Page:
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View Full Version : 75 percent of very hot days caused by human effects, study says



BrianY
04-28-2015, 02:38 PM
we haven't had a good AGW fight for a while....

http://www.mercurynews.com/ci_28000828/study-blames-global-warming-75-percent-very-hot


WASHINGTON -- If you find yourself sweating out a day that is monstrously hot, chances are you can blame humanity. A new report links 3 out of 4 such days to man's effects on climate.

And as climate change worsens around midcentury, that percentage of extremely hot days being caused by man-made greenhouse gases will push past 95 percent, according to the study published Monday in the journal Nature Climate Change (http://www.nature.com/nclimate/journal/vaop/ncurrent/full/nclimate2617.html).

Humans have not had as great an effect on heavy downpours, though. The Swiss scientists who did the study calculated that 18 percent of extreme rain events are caused by global warming. But if the world warms an additional 2 degrees Fahrenheit -- expected to happen around midcentury -- about 39 percent of the downpours would be attributed to humanity's influence, according to the study. That influence comes from greenhouse gases, mostly carbon dioxide from the burning of coal, oil and gas.

"This new study helps get the actual probability or odds of human influence," said University of Arizona climate scientist Jonathan Overpeck, who wasn't part of the research. "This is key: If you don't like hot temperature extremes that we're getting, you now know how you can reduce the odds of such events by reducing greenhouse gas emissions." Advertisement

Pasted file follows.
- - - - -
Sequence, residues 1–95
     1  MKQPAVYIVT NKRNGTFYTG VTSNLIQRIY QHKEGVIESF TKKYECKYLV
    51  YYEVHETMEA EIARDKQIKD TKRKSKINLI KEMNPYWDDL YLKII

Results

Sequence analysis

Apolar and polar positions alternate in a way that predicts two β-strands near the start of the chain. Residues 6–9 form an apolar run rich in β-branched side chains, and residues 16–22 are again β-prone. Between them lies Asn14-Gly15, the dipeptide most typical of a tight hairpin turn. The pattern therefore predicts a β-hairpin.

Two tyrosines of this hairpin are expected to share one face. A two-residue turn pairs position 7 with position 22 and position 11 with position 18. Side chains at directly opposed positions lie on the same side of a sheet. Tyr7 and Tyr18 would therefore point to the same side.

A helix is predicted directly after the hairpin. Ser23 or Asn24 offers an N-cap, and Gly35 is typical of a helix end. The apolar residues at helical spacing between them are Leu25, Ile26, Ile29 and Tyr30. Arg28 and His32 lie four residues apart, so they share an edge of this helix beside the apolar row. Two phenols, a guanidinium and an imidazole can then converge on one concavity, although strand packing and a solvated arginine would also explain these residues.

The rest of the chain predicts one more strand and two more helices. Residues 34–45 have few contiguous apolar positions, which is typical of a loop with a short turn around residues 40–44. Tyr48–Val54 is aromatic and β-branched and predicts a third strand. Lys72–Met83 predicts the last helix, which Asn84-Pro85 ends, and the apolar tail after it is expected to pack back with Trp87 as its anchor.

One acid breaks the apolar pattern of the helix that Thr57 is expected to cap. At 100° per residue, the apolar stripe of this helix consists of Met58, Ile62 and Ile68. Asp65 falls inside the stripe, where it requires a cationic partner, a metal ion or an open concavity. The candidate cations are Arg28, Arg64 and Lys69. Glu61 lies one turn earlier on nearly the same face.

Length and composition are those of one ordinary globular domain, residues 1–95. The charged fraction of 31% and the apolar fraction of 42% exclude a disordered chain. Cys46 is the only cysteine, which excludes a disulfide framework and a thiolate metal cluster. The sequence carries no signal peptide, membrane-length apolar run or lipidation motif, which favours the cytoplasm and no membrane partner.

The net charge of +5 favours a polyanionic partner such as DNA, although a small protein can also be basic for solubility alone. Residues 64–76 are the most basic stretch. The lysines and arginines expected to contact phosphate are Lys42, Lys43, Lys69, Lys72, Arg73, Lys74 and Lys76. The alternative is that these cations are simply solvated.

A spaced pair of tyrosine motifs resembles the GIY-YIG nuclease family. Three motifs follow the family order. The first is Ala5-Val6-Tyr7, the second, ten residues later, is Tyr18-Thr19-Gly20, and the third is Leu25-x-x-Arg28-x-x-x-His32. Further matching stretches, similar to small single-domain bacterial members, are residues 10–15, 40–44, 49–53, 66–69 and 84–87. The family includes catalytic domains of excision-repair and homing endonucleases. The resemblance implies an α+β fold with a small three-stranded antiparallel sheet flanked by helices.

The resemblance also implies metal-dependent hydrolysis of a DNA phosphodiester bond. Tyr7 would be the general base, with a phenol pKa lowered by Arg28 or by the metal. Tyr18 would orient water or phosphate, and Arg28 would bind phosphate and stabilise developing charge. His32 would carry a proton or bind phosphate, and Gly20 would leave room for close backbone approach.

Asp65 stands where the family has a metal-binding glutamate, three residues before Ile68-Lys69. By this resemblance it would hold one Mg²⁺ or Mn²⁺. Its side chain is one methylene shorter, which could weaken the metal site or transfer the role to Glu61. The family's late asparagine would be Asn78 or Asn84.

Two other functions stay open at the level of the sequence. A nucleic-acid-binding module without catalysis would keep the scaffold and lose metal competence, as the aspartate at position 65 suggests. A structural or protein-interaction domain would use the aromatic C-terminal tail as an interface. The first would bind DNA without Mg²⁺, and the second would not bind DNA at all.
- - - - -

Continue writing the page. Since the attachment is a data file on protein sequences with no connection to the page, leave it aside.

Lead author Erich Fischer, a climate scientist at ETH Zurich, a Swiss university, and colleague Reto Knutti examined just the hottest of hot days, the hottest one-tenth of one percent. Using 25 different computer models. Fischer and Knutti simulated a world without human-caused greenhouse gas emissions and found those hot days happened once every three years.

Then they calculated how many times they happen with the current level of heat-trapping gases and the number increases to four days. So 3 of the 4 are human caused, the team said.

And when the scientists dialed up the greenhouse gases -- using current pollution trends -- to simulate a world about midcentury, they got 26 of those superhot days, "almost a whole month," Fischer said.

The figures that Fischer and Knutti calculated are global estimates. The margins of error, plus or minus about 13 percent. However, they found Africa and South America now have the highest percentages of unusual hot days that could be blamed on human influence., 89 percent and 88 percent respectively. Europe, at 63 percent, and North America, with 67 percent, come in at the lowest. By midcentury, if emissions continue at current pace, all continents will be able to blame at least 93 percent of super hot days on humans.

Half a dozen outside scientists praised the study as valid, elegant and important.